Tertullian, Quintus Septimius Florens (c. 160–c. 220)
TERTULLIAN, QUINTUS SEPTIMIUS FLORENS
(c. 160–c. 220)
Quintus Septimius Florens Tertullian, the African Church Father, was born in Carthage and was converted to Christianity about 193. He made early use of his training in rhetoric and Roman law in two apologetic works, Ad Nationes and Apologeticum, written in 197. These owe much to earlier Greek Christian apologies and to the writings of Varro, an Augustan polymath who analyzed religion along Stoic lines; Ad Nationes seems to have been a first draft of the Apologeticum. Tertullian was the first Christian theologian to write in Latin, and most of his works deal with moral and theological issues; all contain elements of polemic either against various aspects of Greco-Roman culture or against Christian heresies. Tertullian's works can be dated by cross-references, allusions to current events, and by his gradual movement toward the ascetic-apocalyptic sect of the Montanists, advocates of the "new prophecy"; he became a Montanist about 206 and later became the leader of a Montanist group in Carthage. Nothing is known of his life after the time of his last literary work, written about 220.
His writings are vigorously, even violently, individualistic in style and often in content; he loved paradox and contradiction, going so far as to claim in De Carne Christi (Ch. 5) that the incarnation of Christ "certum est quia impossibile " ("is certain because impossible"). This claim seems to be based on a line of argument found in Aristotle's Rhetoric (Book 2, Ch. 23, Sec. 22): It is likely that unlikely things should happen. Tertullian's philosophical theology is derived largely from his Greek Christian predecessors (St. Justin Martyr, Tatian, St. Theophilus, Irenaeus); his own contributions are chiefly Stoic in origin. For him philosophy is partly, or sometimes, an enemy of religion ("What does Jerusalem have to do with Athens?"), sometimes an ally ("Seneca is often one of us").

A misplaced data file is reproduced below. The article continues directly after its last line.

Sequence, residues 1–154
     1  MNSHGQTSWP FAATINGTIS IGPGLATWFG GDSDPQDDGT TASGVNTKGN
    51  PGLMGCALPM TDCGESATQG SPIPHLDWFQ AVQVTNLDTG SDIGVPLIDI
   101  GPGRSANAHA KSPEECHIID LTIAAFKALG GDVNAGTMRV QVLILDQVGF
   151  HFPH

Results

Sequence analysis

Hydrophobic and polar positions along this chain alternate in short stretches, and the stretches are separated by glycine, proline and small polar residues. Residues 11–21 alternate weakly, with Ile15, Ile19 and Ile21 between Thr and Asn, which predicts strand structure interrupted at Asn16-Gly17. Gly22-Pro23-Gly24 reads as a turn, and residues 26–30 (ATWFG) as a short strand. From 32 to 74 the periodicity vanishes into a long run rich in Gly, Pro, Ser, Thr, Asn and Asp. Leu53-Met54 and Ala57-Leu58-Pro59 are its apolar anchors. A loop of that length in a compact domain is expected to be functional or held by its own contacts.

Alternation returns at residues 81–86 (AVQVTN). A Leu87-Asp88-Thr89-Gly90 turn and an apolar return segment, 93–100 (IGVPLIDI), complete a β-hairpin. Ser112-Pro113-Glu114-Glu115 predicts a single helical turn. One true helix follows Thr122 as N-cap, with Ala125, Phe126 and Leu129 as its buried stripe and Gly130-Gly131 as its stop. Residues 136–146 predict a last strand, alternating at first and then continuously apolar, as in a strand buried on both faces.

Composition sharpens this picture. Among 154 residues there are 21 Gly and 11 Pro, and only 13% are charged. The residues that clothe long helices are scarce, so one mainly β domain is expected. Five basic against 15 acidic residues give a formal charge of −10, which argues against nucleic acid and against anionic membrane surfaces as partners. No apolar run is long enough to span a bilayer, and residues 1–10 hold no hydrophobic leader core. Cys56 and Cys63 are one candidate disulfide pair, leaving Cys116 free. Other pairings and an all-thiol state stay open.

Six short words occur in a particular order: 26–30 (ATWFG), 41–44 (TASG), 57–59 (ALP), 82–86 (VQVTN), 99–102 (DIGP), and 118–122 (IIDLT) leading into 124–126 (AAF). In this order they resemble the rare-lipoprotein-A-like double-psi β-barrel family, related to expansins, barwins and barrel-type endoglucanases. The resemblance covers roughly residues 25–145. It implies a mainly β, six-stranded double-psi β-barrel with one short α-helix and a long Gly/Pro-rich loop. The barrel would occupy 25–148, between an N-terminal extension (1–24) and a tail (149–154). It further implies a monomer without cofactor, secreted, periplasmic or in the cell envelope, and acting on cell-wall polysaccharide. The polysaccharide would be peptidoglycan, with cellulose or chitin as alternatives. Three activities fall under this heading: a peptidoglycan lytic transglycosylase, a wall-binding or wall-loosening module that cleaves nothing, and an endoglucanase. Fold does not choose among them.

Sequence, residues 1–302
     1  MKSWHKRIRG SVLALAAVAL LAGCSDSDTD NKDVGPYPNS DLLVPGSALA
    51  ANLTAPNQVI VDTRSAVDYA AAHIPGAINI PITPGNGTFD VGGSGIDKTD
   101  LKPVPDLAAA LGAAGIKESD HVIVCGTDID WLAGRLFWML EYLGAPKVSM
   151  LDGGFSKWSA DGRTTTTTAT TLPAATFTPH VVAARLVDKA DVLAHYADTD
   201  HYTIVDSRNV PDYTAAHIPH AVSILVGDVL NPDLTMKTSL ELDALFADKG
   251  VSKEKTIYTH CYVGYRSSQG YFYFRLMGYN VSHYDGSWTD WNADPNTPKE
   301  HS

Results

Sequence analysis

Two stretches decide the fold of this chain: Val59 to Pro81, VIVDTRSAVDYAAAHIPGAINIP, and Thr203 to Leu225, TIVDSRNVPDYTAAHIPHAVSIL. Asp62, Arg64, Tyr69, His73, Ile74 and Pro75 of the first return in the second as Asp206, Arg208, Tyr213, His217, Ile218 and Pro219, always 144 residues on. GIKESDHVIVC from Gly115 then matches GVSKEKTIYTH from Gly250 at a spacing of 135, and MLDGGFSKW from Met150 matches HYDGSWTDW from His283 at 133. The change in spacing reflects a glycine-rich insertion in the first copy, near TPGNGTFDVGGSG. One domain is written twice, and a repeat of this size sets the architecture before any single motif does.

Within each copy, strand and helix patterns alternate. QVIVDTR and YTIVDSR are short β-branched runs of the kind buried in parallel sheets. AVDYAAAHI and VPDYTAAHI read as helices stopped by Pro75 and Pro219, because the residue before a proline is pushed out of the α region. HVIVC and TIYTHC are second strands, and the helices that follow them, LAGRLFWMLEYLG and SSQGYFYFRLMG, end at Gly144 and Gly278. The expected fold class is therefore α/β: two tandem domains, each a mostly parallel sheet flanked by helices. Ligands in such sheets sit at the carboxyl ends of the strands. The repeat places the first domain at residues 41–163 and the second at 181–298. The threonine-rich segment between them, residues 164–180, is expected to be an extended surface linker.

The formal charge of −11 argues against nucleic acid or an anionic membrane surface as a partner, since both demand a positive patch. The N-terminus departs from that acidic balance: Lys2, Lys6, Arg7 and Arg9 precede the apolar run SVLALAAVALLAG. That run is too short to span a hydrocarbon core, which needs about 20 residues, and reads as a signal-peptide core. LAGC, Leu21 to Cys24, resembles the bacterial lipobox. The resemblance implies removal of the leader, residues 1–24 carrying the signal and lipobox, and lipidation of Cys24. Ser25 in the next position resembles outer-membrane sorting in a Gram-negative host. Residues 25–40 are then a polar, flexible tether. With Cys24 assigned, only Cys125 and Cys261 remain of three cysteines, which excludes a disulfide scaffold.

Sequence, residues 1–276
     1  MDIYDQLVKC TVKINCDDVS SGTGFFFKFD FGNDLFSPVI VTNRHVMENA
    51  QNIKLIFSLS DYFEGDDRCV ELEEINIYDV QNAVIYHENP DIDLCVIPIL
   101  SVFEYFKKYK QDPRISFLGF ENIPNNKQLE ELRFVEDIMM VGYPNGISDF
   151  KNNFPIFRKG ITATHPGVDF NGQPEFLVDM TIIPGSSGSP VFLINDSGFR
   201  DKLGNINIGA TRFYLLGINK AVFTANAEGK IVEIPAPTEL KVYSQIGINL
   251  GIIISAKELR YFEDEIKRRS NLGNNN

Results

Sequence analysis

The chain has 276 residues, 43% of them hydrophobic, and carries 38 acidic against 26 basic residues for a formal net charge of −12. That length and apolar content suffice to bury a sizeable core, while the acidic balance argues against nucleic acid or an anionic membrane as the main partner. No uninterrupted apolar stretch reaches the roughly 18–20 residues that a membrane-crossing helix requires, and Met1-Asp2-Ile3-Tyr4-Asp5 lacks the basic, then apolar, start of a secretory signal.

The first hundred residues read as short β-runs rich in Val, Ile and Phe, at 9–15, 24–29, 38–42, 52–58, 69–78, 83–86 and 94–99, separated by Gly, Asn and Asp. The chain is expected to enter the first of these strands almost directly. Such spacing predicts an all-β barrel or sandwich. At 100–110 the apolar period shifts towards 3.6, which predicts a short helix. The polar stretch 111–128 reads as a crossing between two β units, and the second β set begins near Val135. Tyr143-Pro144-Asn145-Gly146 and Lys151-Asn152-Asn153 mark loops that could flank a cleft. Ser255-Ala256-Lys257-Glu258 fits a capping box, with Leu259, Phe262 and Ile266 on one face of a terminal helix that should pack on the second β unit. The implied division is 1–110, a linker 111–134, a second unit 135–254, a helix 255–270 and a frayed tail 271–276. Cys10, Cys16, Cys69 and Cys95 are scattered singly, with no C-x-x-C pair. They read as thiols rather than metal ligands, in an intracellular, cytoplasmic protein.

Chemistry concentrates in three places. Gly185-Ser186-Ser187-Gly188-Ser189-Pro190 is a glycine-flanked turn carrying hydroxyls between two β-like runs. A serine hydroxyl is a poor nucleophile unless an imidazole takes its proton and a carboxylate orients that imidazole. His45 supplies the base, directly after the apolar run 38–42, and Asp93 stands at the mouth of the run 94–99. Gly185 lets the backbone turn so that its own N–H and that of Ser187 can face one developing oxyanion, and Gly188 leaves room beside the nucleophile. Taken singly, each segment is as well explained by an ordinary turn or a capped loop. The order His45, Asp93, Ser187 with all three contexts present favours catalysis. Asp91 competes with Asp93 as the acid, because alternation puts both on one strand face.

Only two of Tertullian's nonapologetic works are primarily concerned with philosophical themes. One is the early treatise Adversus Hermogenes, in which he attacks the doctrine that matter is eternal and claims that Hermogenes derived this belief from Platonic and Stoic sources. His own arguments against the eternity of matter are partly a revision of a lost book by Theophilus, as the common Genesis text indicates. Hermogenes argued that the immutable God cannot have created the world from himself or have begun to create it ex nihilo; therefore he must have made it from matter, to which its imperfections are to be ascribed. God continually "creates," influencing matter as a magnet influences iron. In reply, Tertullian insisted primarily on God's freedom from "necessity." God created by his free will and therefore was not limited by matter.